Strokes also known as cerebrovascular accidents are the number 5 cause of death and one of the major causes of disability in the United States.
We deal with many different conditions in caring for our clients. Amongst the things we want to do is turn this blog into a resource and to this end, we will be creating a series of posts dealing with these conditions. This is the first of those.
What is a Stroke?
There are three types of strokes. These are:
Ischemic stroke which is caused by a clot obstructing the flow of blood to the brain. This accounts for 80% of stroke causes,
Hemorrhagic stroke which occurs when a blood vessel ruptures and blood does not get to the brain.
Transient ischemic attack (TIA) also known as a mini stroke is caused by a temporary clot. These are often called a warning stroke, and research shows that there is an increased possibility of an ischemic stroke happening within seven days, sometimes even the same day.
The National Institute of Health created a stroke scale that consists of testing various capabilities and assigning a value between 0 and 2, 3, or 4 to each test. The final score ranges from 0 to 42. Scores 21 and above are considered to be a severe stroke.
What are the Symptoms of a Stroke?
The main stroke symptoms are the suddenly following appearing:
Numbness or weakness of the face, arm, or leg, particularly on one side of the body.
Trouble speaking, difficulty understanding speech, and/or confusion.
Vision issues in one or both eyes.
Dizziness, loss of balance, lack of coordination and trouble walking,
A headache with no known cause
As with show many conditions the more rapid the intervention the better the prognosis. Anyone can do a quick evaluation, using the FAST acronym, if they suspect a stroke.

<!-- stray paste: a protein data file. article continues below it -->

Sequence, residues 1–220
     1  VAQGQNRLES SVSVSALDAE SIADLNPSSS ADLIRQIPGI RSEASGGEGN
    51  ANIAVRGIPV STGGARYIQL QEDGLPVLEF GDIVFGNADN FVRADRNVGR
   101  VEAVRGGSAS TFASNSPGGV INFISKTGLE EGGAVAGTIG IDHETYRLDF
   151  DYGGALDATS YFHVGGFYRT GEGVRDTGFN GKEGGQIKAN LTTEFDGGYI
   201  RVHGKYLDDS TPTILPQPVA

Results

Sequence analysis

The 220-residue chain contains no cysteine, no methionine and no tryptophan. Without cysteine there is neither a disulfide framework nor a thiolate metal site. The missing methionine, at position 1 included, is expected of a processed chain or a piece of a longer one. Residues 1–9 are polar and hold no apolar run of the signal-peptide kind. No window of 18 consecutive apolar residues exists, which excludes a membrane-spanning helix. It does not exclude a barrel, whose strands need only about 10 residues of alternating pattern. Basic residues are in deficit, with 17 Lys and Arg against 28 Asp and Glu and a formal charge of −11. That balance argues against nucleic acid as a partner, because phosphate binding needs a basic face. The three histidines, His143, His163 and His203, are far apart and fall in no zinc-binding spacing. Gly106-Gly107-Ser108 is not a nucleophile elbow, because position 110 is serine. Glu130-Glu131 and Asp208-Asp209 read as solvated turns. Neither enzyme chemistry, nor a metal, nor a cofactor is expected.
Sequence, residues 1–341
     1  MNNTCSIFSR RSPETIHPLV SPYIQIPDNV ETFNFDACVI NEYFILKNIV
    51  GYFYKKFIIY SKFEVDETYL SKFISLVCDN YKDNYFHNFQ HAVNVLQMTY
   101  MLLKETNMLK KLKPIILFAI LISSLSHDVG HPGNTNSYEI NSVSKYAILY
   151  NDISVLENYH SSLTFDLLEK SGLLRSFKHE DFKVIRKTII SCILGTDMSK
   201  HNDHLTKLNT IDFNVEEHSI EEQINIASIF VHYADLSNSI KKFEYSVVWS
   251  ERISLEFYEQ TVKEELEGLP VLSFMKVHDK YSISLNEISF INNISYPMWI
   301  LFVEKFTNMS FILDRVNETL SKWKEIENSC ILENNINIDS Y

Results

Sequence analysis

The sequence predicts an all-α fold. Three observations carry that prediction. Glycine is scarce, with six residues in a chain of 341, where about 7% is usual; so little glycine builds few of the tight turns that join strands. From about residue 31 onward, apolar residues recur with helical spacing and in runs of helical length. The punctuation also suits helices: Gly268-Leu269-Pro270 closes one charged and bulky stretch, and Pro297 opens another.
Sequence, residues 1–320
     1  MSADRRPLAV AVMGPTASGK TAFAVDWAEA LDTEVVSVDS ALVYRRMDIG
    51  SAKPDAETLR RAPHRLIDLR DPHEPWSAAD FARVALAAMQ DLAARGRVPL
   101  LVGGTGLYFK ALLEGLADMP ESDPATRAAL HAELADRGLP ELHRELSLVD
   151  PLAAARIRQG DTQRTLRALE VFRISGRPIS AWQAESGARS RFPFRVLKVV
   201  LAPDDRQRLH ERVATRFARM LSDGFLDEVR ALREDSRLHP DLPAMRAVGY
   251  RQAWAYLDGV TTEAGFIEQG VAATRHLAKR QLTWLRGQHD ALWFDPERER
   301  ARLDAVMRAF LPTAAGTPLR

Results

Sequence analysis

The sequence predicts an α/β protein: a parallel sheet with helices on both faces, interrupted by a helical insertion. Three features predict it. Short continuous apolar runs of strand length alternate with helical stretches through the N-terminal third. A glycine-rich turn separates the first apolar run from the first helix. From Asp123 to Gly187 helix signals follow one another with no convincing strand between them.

F-Face: Try to get the person to smile and check if the face droops.
A-Arms: Ask the person to raise both arms and note whether one tends to drop down,
S-Speech: Give the person a simple phrase and ask them to repeat it. Listen to the response and establish whether is slurred or garbled,
T-Time: Call for help if any of these appear.
Causes of a Stroke
There are multiple factors that increase the risk of a stroke
Lifestyle risk factors
- Being overweight
- Lack of physical activity
- Excessive drinking
- Illegal drug use
Medical risk factors
- High blood pressure
- Cigarette smoking or secondhand smoke exposure
- High cholesterol
- Obstructive sleep apnea
- Cardiovascular disease
- Personal or family history of stroke, TIA, or heart attack
Effects of a Stroke
The effect of a stroke can be devastating. They can include:
- Depression and anxiety
- Difficulty in communication, memory, concentration, and difficulty in planning, reasoning, and problem-solving
- Difficulty with even simple physical activities and spatial awareness.
This involves physiotherapy as well as occupational therapy. These are aimed at remediation and adaptation. Often a speech and language therapist is needed as well.
Disclaimer: The content here is for informational purposes only. Always seek proper medical advice for any condition.